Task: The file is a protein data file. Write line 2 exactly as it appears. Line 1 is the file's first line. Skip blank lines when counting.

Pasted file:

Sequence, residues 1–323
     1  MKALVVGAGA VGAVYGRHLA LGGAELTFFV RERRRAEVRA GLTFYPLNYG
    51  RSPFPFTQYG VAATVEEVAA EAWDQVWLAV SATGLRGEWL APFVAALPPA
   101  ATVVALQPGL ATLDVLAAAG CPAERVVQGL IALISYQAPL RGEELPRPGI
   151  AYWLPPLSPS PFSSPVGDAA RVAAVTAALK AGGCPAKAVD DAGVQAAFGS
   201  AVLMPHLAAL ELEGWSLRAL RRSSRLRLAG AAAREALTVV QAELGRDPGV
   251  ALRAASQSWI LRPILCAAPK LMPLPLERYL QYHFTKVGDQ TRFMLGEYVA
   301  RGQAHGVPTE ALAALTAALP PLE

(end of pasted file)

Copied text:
     1  MKALVVGAGA VGAVYGRHLA LGGAELTFFV RERRRAEVRA GLTFYPLNYG